In 2015, 8,282 adults without children utilized Utah’s homeless services (excluding domestic violence shelters). Even more shocking, in 2015, 4,832 children and their parents also needed and used homeless services in Utah. In January of 2016 in Utah, there were 979 children and their parents who were homeless. The Midvale Family Homeless Shelter is full, and the Road Home is still home to children. The Road Home is also home to about 80 registered sexual predators.
In addition to homeless families, there were 1,810 homeless adults in Utah in January. Even sadder, 64 homeless have died this year, and only 29 had some form of housing. Last year, 92 died while 52 had some housing at the end of their lives. These numbers are real people. Many who died are grandmothers and grandfathers. Often, the homeless who die won’t have family notified or even receive a definite reason for their death. Salt Lake City is way past an emergency. This is a sad commentary on our city.
When we come into Salt Lake City in the morning, we see the bodies of the homeless sleeping in the parks and nooks and crannies in downtown buildings. As winter approaches, some of those bodies will be dead. A few weeks ago, a homeless man’s body was found at the Gallivan Center. When we go on 400 South and look north at 500 West, we see a sea of tents of the homeless along with piles of their personal possessions.
Recently downtown, I saw a woman in a broken wheelchair pushing a shopping cart full of her possessions. On another day, I saw a couple pushing two carts with personal possessions that included a cat in a cage. This is what the visitors, residents and businesses of Salt Lake City see when they are in Salt Lake City. It is a sad commentary on Salt Lake City.
The multiplying and increasingly visible homeless issue is a problem nationally. Salt Lake City is better at providing charity and care to the homeless than most other cities in the nation. The LDS Church, the Catholic Church and many other churches provide a lot of help, including shelter and food. But the homeless shouldn’t have to wheel their possessions around in a desperate attempt to keep a semblance of normalcy and civilization.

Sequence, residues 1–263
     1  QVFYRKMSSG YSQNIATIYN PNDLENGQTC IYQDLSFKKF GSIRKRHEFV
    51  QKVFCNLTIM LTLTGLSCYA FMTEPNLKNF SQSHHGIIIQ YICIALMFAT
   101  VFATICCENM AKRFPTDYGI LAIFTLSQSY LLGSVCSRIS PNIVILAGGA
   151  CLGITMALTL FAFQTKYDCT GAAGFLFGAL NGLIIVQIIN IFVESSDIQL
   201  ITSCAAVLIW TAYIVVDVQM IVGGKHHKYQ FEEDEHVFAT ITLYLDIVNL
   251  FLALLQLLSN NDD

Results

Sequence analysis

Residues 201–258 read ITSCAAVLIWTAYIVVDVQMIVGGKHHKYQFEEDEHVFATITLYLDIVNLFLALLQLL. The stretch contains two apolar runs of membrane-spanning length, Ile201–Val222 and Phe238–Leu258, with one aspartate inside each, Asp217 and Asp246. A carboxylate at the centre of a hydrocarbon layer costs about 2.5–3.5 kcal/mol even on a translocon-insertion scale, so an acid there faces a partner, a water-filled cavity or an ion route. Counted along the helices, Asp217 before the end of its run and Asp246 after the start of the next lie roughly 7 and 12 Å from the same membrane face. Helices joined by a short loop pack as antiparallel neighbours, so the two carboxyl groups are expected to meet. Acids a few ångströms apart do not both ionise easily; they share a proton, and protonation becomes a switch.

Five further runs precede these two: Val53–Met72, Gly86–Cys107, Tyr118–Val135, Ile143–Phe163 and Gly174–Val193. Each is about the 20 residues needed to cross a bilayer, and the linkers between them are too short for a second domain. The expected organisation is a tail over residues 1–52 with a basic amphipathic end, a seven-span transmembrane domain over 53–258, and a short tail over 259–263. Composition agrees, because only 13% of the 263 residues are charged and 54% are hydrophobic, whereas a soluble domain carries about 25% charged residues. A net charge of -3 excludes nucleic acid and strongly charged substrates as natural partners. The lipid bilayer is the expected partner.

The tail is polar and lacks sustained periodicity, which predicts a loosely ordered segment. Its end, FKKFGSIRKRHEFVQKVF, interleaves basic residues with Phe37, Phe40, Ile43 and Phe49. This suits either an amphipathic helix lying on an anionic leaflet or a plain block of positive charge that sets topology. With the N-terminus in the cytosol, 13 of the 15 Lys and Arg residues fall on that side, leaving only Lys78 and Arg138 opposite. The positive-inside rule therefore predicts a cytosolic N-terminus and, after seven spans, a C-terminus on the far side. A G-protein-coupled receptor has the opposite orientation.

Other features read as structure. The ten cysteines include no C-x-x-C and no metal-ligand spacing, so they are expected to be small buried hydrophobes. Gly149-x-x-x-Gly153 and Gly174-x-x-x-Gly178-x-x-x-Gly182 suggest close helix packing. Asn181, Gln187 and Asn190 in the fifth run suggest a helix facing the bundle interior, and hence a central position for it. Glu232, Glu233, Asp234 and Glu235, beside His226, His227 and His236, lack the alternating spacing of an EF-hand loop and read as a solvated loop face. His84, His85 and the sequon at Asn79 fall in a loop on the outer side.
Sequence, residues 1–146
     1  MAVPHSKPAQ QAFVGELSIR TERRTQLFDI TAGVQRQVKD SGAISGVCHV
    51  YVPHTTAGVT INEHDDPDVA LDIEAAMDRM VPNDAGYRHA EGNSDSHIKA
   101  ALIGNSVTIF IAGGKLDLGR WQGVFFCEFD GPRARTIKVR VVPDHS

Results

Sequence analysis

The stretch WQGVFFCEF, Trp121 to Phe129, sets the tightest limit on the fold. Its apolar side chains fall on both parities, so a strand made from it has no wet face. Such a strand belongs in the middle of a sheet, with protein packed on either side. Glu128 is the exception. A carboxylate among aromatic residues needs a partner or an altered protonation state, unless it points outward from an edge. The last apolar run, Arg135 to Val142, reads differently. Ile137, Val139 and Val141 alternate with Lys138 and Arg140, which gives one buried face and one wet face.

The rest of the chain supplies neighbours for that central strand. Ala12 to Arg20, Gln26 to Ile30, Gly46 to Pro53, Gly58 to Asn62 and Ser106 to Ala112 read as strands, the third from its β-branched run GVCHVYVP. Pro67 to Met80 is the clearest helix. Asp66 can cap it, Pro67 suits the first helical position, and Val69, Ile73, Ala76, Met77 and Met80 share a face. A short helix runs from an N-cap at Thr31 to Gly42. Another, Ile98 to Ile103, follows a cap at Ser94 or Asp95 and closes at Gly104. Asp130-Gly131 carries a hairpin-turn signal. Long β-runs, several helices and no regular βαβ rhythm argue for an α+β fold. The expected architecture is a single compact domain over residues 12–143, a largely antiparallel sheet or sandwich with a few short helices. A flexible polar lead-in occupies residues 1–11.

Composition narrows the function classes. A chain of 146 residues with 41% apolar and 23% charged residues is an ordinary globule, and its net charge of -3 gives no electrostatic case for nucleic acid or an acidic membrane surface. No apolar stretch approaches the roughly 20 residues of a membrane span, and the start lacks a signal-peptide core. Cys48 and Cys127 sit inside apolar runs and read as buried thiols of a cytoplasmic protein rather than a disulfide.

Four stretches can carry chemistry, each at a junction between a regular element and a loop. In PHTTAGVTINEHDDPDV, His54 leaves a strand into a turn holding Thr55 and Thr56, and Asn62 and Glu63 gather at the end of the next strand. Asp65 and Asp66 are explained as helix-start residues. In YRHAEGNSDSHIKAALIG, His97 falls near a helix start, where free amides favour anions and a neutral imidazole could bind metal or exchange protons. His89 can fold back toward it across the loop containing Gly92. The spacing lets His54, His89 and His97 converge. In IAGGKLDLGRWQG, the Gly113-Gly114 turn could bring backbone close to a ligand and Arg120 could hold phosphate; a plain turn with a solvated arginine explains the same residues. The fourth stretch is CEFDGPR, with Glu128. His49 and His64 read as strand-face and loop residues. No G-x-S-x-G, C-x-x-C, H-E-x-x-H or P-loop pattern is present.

Last year, Salt Lake City opened a storage facility that the homeless could use. It only operates during the day, and it is now full. The homeless need a 24-hour accessible and secure storage. An indoor facility is also needed to encourage those who are camping in the city to get indoors where they can develop a stable relationship with and be helped by caseworkers.
Affordable housing solutions will take years to develop. It will also take two or more years to build new homeless shelters. We also need a recovery center that can take in those who may need respite care after hospitalization. We especially need many more caseworkers so that the homeless don’t end up begging for housing and handouts from the reporters who try to shine the light on this issue. The Salt Lake City Council should be encouraged to provide solutions now and not in three years.
Six years ago, on Thanksgiving Eve, a homeless man was killed on 400 South while pushing his belongings in a shopping cart. The Deseret News published a letter that expressed my concern about the homeless. I wrote that it was a sad commentary on our society. It is worse now. This Thanksgiving, please remember the homeless and consider giving to the Road Home or LDS Church or the Weigand Center or St. Vincent DePaul Center or other homeless service providers. I know that there are a lot of people who care in Utah. It shouldn’t be a sad commentary on our city and our society.
On Dec. 13 at Pioneer Park at 6 p.m., there will be a candlelight vigil for those nameless, neglected, forgotten and homeless who have died.
George Chapman is a former candidate for Salt Lake City mayor.